Skunk Cabbage Cafe

Don Arney (, our helicopter pilot and volunteer extraordinaire, expertly touches down in an alpine bog. With the rotors whirring above our heads, we begin unloading our supplies in preparation for setting up a hair snagging station. When the rotors slow and come to a stop, we pause for a moment in awe of our surroundings. All around us, giant cliffs rise upwards through wisps of fog and water cascades downwards on its journey from sky to the sea. Our noses are filled with the smells of recently melted snow and newly growing vegetation. The melodic sound of the Hermit Thrush echoes across the rocky bowl announcing a new season. This rugged and raw habitat is prime late-spring Grizzly habitat. As the snowpack recedes, Grizzlies move to higher elevations in search of nutritious shoots of plants that emerge in bogs and avalanche shoots. We set up our hair snag station in the finest dining spot around where skunk cabbage shoots are springing up like bright green light bulbs. When our work is done, Don whisks us out of this magic place and on to another site.  As we rise into the air, we wonder about the visitors we may have at our skunk cabbage restaurant. Will we find evidence of these powerful creatures from hair on our barbed wire fence? We look forward to finding out in a few days’ time when we return to check the site for hair samples.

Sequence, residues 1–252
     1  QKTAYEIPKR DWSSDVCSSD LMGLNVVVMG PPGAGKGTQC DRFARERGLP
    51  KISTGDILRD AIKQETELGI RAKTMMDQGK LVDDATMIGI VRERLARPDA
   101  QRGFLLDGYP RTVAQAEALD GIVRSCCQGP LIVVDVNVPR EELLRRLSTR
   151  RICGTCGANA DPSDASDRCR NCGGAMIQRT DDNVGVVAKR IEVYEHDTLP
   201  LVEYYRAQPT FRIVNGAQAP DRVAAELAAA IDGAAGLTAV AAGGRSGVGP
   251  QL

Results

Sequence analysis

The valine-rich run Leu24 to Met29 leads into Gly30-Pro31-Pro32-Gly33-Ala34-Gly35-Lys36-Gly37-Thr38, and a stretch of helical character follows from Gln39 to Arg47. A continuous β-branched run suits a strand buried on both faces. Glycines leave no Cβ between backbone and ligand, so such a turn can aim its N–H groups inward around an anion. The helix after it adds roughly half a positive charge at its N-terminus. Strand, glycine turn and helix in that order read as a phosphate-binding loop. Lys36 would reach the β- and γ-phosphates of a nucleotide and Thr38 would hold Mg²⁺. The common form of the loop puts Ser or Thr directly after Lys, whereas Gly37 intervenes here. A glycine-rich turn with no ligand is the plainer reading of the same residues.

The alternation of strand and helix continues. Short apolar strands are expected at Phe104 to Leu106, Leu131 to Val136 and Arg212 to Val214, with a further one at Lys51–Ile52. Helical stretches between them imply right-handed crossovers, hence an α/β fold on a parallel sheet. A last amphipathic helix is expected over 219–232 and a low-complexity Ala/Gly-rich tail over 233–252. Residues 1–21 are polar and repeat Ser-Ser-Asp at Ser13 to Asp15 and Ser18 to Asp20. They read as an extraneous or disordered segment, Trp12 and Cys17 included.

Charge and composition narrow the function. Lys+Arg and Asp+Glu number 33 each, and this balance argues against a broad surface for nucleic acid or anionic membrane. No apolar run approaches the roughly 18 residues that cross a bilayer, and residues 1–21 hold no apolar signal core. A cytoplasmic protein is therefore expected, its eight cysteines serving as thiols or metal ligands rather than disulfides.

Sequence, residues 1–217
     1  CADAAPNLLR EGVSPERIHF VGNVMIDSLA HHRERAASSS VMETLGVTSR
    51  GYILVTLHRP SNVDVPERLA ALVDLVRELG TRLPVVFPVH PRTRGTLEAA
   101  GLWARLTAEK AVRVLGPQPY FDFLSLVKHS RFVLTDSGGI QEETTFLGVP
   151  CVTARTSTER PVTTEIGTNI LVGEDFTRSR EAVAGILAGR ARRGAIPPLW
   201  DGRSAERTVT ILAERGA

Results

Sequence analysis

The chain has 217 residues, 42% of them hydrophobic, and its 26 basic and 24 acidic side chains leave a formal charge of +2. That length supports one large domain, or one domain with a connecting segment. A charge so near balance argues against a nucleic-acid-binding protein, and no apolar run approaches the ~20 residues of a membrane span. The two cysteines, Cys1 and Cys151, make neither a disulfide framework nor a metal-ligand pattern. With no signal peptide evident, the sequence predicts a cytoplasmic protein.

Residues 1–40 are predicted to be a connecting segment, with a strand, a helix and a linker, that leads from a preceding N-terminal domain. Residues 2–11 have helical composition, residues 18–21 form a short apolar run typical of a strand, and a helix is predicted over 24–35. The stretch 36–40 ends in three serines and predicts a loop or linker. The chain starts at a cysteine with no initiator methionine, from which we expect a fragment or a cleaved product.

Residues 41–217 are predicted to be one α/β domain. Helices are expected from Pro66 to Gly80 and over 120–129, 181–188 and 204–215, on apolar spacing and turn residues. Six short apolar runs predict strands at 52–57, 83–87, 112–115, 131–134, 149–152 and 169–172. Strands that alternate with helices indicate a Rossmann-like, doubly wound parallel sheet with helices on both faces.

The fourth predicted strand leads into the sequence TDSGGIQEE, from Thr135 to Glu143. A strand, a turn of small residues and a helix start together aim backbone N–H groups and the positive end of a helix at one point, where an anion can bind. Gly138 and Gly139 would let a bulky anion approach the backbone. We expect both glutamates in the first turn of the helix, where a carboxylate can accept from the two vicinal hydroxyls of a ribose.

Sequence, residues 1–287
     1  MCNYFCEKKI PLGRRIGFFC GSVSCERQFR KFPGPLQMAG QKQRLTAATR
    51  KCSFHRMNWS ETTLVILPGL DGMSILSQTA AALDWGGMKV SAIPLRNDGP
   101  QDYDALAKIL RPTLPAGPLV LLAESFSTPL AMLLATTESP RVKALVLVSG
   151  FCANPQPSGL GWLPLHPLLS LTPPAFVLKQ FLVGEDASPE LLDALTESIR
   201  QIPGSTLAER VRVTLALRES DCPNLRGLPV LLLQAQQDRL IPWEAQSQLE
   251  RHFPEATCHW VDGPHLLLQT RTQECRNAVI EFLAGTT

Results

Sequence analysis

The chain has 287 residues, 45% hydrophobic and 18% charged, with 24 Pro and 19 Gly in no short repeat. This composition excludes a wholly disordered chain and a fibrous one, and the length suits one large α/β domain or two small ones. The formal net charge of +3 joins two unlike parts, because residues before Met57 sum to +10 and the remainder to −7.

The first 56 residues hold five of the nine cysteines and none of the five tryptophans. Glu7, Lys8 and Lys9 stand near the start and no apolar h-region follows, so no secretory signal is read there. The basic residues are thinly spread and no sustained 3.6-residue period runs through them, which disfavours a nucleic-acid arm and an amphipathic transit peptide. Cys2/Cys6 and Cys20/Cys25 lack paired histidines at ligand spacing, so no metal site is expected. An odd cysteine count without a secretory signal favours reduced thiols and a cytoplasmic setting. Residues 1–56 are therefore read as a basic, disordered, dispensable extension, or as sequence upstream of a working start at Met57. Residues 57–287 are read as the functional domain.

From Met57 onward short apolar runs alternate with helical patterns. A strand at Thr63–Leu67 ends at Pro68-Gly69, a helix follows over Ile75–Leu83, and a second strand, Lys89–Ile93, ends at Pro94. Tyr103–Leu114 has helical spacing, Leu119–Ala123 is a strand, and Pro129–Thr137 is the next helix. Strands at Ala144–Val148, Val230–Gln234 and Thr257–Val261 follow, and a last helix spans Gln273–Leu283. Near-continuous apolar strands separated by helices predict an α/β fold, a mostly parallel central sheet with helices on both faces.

Meanwhile…crew 2 was in a watershed down at sea level, access by our trusty speedboats. I explained in an earlier post how we were treated by a momma grizz and 3 cubs. Pls see the image below…

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Chris Genovali, executive director of Raincoast Conservation Foundation.
Chris Genovali, Executive Director

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